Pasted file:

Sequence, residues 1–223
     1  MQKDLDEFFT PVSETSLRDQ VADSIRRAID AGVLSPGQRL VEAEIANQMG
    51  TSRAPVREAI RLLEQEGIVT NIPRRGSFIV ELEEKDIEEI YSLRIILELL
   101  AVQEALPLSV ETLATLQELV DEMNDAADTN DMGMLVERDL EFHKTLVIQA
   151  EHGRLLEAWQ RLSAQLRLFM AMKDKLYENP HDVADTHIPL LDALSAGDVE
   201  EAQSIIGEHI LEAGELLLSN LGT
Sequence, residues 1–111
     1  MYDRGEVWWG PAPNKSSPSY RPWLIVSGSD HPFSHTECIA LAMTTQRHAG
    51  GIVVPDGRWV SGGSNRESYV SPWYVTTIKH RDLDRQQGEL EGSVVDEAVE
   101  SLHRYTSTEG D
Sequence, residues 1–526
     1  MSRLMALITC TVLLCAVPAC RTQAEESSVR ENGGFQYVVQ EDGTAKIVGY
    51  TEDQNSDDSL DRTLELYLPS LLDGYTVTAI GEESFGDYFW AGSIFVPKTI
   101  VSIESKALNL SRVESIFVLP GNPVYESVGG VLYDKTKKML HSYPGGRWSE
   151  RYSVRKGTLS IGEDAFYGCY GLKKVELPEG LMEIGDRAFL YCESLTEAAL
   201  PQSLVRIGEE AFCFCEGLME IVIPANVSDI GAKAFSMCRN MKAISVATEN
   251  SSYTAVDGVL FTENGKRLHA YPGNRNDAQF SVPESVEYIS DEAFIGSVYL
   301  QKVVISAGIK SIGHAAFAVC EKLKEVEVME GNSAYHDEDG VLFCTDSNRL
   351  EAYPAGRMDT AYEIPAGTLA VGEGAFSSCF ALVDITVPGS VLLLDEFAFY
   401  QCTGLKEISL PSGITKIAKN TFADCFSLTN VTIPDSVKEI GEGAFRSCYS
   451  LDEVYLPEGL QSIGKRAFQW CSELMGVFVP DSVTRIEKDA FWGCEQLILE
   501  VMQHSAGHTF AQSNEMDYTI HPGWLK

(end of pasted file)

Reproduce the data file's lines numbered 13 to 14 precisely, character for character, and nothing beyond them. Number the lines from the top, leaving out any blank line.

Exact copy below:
    51  TEDQNSDDSL DRTLELYLPS LLDGYTVTAI GEESFGDYFW AGSIFVPKTI
   101  VSIESKALNL SRVESIFVLP GNPVYESVGG VLYDKTKKML HSYPGGRWSE